Sentinel lymph node biopsy (SLNB) has become the standard method for axillary staging in breast cancer patients,
relying on invasive identification of sentinel lymph nodes (SLNs) following injection of blue dye and radioactive tracers.
While SLNB achieves a low false negative rate (5-10%), it is an invasive procedure requiring ionizing radiation. As an
alternative to SLNB, ultrasound-guided fine needle aspiration biopsy has been tested clinically. However, ultrasound
alone is unable to accurately identify which lymph nodes are sentinel. Therefore, a non-ionizing and noninvasive
detection method for accurate SLN mapping is needed.
In this study, we successfully imaged methylene blue dye accumulation in vivo in rat axillary lymph nodes using a
Phillips iU22 ultrasound imaging system adapted for photoacoustic imaging with an Nd:YAG pumped, tunable dye
laser. Photoacoustic images of rat SLNs clearly identify methylene blue dye accumulation within minutes following
intradermal dye injection and co-registered photoacoustic/ultrasound images illustrate lymph node position relative to
surrounding anatomy. To investigate clinical translation, the imaging depth was extended up to 2.5 cm by adding
chicken breast tissue on top of the rat skin surface. These results raise confidence that photoacoustic imaging can be used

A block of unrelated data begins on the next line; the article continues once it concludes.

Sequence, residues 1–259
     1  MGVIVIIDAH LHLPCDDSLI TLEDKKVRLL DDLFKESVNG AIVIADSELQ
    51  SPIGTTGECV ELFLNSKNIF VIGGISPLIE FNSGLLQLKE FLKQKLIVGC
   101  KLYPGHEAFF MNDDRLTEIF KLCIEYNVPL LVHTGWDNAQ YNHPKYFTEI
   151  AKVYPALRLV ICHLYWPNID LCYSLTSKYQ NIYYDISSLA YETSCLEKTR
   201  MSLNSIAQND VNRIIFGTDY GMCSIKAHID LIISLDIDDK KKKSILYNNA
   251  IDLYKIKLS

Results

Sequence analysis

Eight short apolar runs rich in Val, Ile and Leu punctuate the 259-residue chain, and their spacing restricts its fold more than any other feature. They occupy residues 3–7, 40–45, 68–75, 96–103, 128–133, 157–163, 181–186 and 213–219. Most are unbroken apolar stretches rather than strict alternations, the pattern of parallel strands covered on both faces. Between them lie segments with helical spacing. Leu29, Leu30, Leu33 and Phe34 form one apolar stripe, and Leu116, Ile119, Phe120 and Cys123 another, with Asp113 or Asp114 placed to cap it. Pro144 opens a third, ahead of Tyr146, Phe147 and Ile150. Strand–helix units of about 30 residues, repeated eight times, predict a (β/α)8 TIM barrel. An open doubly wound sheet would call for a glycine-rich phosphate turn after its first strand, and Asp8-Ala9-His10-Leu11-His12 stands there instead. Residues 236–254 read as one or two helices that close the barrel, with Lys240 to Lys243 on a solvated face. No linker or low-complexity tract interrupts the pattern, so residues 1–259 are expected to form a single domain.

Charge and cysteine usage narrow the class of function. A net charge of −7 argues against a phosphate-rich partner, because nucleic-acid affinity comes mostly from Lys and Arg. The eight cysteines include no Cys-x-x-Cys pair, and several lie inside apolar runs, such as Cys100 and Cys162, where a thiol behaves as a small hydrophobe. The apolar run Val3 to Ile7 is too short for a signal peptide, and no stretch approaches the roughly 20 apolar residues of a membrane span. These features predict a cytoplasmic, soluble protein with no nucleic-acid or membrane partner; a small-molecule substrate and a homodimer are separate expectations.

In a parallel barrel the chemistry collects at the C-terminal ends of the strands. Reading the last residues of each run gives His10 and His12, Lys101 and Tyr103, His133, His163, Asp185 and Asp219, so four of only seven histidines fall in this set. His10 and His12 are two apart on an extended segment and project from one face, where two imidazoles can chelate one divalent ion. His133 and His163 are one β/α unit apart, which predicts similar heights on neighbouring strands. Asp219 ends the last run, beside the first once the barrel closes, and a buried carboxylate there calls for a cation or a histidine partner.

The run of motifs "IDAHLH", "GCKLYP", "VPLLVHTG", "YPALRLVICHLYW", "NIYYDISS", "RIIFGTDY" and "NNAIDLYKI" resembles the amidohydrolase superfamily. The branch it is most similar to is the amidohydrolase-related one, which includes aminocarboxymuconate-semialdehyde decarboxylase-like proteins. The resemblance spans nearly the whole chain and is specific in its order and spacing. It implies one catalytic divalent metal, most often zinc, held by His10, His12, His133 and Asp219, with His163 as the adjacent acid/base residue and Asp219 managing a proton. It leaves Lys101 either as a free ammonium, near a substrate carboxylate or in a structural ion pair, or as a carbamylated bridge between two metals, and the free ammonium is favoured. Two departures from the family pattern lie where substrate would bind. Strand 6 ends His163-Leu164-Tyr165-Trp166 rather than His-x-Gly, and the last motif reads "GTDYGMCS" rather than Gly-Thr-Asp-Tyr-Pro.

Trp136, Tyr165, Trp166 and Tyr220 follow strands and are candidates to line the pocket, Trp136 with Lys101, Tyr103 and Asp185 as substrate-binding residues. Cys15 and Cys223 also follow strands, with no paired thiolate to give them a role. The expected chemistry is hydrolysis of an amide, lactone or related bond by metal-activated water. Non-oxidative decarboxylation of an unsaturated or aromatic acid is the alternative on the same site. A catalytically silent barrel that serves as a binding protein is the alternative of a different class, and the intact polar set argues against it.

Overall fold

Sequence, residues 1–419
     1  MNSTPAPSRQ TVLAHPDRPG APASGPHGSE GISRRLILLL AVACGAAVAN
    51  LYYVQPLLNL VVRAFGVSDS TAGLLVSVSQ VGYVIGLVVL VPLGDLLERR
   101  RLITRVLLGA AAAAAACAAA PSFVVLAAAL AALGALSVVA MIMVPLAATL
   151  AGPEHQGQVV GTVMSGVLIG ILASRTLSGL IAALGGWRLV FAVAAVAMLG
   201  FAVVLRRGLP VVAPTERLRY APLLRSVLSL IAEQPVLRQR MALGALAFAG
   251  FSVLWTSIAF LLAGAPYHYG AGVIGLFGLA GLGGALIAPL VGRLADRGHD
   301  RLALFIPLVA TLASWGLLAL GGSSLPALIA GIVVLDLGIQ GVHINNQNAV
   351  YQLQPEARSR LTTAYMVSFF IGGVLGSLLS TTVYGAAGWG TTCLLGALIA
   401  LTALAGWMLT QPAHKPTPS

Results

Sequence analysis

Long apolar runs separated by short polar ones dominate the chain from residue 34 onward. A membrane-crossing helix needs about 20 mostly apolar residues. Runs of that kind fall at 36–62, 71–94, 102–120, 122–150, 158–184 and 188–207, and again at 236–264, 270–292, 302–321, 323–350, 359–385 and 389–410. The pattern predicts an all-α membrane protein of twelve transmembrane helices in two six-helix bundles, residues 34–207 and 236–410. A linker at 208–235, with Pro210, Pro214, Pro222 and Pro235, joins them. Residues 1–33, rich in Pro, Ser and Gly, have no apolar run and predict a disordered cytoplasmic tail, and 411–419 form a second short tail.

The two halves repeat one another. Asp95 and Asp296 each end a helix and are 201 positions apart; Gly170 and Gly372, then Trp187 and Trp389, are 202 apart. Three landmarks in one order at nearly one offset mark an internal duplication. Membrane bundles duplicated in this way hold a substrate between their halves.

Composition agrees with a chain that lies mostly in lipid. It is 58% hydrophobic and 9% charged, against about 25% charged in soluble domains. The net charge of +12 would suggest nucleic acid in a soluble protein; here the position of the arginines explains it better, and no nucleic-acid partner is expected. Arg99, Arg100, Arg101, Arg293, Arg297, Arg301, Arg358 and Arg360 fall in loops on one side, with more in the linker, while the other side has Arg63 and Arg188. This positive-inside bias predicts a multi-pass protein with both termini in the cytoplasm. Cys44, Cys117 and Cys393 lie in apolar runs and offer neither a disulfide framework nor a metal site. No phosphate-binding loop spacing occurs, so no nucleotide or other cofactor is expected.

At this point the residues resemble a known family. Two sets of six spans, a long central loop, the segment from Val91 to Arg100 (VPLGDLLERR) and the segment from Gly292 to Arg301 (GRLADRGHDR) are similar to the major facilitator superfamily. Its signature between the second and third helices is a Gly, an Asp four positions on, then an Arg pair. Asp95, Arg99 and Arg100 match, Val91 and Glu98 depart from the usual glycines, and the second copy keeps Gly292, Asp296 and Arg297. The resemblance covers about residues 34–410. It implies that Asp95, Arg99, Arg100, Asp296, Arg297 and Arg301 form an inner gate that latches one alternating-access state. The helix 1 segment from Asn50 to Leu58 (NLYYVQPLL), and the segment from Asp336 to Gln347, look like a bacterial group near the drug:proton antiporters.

clinically for accurate, noninvasive SLN mapping.
A one of a kind photoacoustic system has been built around a Philips iU22 ultrasound scanner. The modified channel
board architecture allows access to the raw per-channel photoacoustic data, while keeping all of the imaging capabilities
of an actual commercial ultrasound scanner. A captured photoacoustic data frame is Fourier beamformed to generate a
single laser shot photoacoustic image. In addition to the photoacoustic data, the system supplies the beamformed
ultrasound data, providing a truly dual-modality imaging capability. A tunable OPO laser system (700-900nm), pumped
by an Nd:YAG solid state laser, is used as an illumination source with 5ns long pulses. An FPGA-based electronic
board synchronizes the iU22 start of frame with the laser firing, currently permitting photoacoustic imaging at a rate of
10 Hz (laser repetition rate limit). At that imaging frame rate the photoacoustic system, consisting of a PC modified
with 32 Gbytes of acquisition memory and an FPGA array, is able to store several minutes of continuously captured
data, enabling monitoring and off-line analysis of dynamic photoacoustic events and/or fast scanning for performing
pseudo-3D imaging. The system can use all of the standard iU22 array transducers both for photoacoustic imaging, and
in all of the ultrasound imaging modes.